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Autograph postcard signed 'W. Pauli' to Samuel A. Goudsmit, Hamburg, postmarked 13 March, 1926.[Hamburg: 1926].
An iconic artefact of twentieth-century physics of great historical significance, this is the postcard in which the 26-year old Pauli finally acknowledges that Goudsmit and George Uhlenbeck were correct in their discovery of electron spin. Known as the 'conscience of physics', Pauli's imprimatur was essential before the concept of spin could be accepted by the wider physics community. Spin is now one of the key concepts in quantum physics. Pauli's bitter initial opposition to spin is doubly ironic: its discovery was based on Pauli's exclusion principle, formulated less than a year earlier, for which Pauli received the Nobel Prize (Goudsmit and Uhlenbeck did not receive the Nobel); and it was Pauli himself who eventually showed how to incorporate spin into quantum mechanics, which had been invented by Werner Heisenberg just nine months earlier.

Translated, the postcard reads, in full:

"Dear Goudsmit,
First of all I am writing to you today to inform you that because of recent communications from Copenhagen I have realized that I have been wrong in my objections against Thomas and that his deliberations about relativity can be put into an entirely correct and faultless form. Therefore the questions referring to fine structure can really be satisfactorily answered!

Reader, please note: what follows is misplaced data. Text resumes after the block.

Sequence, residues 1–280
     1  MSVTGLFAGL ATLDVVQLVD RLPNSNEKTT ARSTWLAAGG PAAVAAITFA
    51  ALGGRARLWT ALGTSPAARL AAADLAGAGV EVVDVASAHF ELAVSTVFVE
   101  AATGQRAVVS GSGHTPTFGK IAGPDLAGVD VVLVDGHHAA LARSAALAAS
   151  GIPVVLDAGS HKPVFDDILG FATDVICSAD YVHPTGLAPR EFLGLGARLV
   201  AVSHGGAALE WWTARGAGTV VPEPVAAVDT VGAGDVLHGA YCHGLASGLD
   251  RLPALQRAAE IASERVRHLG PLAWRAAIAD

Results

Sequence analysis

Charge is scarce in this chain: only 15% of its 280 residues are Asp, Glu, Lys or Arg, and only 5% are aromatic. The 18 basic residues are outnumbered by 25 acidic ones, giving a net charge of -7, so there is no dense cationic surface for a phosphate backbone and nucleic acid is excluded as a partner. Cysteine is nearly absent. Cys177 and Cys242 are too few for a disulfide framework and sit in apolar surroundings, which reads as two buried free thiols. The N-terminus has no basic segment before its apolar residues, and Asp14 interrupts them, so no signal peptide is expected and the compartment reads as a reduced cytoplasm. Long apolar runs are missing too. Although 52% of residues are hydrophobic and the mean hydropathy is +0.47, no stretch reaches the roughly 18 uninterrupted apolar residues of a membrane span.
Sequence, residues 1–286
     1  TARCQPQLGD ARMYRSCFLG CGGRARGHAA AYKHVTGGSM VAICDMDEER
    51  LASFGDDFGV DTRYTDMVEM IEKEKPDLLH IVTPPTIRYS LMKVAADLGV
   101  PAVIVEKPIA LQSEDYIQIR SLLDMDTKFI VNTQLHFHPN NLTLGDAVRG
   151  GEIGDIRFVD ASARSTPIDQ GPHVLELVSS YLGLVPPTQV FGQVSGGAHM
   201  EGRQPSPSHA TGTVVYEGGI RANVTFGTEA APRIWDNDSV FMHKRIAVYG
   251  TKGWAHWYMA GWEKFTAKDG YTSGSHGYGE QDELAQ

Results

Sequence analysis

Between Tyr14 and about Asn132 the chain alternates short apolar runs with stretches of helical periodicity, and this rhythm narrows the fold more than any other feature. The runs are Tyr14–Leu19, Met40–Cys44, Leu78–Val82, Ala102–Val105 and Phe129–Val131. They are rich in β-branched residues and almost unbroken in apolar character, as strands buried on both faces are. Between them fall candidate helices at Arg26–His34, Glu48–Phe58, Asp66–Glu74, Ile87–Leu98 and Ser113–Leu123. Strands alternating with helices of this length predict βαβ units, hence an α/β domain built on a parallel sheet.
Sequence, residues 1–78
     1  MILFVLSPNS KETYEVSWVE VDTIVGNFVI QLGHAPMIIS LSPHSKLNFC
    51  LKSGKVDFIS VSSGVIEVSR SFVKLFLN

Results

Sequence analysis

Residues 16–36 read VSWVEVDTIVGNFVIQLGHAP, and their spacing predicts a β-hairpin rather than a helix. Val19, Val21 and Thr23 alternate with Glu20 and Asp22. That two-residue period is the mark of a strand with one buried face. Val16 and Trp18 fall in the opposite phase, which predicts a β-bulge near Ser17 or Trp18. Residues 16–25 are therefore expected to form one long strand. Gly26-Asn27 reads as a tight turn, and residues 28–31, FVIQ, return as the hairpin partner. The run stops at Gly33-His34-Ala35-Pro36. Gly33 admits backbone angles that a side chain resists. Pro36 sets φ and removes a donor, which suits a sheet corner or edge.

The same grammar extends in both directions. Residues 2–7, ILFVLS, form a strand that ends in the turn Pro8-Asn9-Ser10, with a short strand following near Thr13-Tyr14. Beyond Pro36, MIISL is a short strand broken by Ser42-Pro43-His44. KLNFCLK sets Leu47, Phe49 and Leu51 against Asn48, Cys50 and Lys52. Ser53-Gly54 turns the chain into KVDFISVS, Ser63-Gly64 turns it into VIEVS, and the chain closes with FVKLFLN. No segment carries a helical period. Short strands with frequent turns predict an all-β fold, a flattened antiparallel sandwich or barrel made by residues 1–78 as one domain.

Secondly I would like to urge you once more to check thoroughly whether the Danish Zeeman measurement on He+ can be reconciled with an alkali-like concept of these Zeeman effects. Please write to me as soon as you know anything about this! It was very good to see you in Hamburg.
With best regards to you personally and to Professor Ehrenfest [i.e. Paul Ehrenfest, Goudsmit's teacher]."

"Pauli was an exceptional man in many respects. Not only did he enter physics as a prodigy and contribute outstanding discoveries under his own name but he contributed also to the success of others through personal discussions and through an extensive correspondence ... His criticism was sought but also dreaded. He has therefore been called the 'Conscience of Physics' (Gewissen der Physik). Ehrenfest, who was very fond of him, conferred on him the title 'God's Whip' (Geissel Gottes), because he would not relent in a discussion until all the weak points had been made perfectly clear" (Brandt, p. 203).